"We began to make the separation of Church and State
which is how it should be. This was a very good thing for Quebec because in this period
the mentality of the Quebecois developed; they saw that religion can be the opium of the
people, and that we have to find an equilibrium between the religious and the
Speaking for himself, he likes to travel, to "go fishing
with mosquitos" and potter around his sprawling home, indulging in carpentry or even
making wood crafts.
Which film is his most popular? He says, with a smile, "The next one." The most difficult to make was "FORGIVENESS" which took 3 yrs; "I was fighting with the TV distributors, the financiers - no one wanted to touch the film because it was too religious in their opinion. Many said to me, Denis, you are out of touch, old fashioned. At the Montreal festival, it was slotted at 11 pm but I got a full house because I was in France earlier and had won the prize there..." Asked about Hollywood he says, he has " no opinion, it is so very different from ours. But I would make a film in Hollywood as an indie film maker, if I found a producer."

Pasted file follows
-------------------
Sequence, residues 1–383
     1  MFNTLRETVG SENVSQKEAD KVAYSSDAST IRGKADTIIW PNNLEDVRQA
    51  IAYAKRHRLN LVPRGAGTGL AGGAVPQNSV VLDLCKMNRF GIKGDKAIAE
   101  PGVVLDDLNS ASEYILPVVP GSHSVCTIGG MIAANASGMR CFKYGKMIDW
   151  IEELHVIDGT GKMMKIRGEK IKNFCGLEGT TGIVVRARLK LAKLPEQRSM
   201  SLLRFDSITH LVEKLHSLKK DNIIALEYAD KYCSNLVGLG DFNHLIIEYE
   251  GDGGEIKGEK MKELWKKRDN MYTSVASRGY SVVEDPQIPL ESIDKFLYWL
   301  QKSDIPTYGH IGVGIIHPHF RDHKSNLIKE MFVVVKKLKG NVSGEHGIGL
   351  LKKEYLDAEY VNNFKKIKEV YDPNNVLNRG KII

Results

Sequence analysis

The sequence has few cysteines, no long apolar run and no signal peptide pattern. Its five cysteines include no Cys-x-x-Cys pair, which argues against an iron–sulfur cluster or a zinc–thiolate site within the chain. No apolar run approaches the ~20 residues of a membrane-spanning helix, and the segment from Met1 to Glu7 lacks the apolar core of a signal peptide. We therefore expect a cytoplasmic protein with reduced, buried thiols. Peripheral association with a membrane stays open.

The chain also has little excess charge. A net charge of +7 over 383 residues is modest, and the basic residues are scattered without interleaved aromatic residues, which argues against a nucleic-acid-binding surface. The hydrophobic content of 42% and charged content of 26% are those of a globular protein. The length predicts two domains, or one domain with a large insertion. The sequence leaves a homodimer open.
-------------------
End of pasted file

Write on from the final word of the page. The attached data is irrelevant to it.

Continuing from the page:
After all the awards, it is still "not easy to get the money to make films." Asked by a Quebec TV company to send the scripts as soon as possible of two episodes of an ongoing serial, he gave the Aguada beach a miss, worked apace in his hotel room and despatched the first; "the second- I will send tomorrow." From IFFI-Goa, he proceeds to Mumbai where he will spend ten days.
He travels for four months of the year, going to festivals to meet producers, read screenplays, it's a fun job!" Back home at the moment he says, there are thunderstorms and blizzards. It's winter and 23 degrees below zero. Naturally, he likes Goa a lot.